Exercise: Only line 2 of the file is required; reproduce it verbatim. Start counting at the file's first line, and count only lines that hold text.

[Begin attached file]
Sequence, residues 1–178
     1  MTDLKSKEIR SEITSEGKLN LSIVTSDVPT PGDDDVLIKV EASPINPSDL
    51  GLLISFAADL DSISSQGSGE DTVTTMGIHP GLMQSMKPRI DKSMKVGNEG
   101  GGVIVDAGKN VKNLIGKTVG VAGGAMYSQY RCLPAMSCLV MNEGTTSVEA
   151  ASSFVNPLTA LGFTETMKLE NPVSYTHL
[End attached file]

     1  MTDLKSKEIR SEITSEGKLN LSIVTSDVPT PGDDDVLIKV EASPINPSDL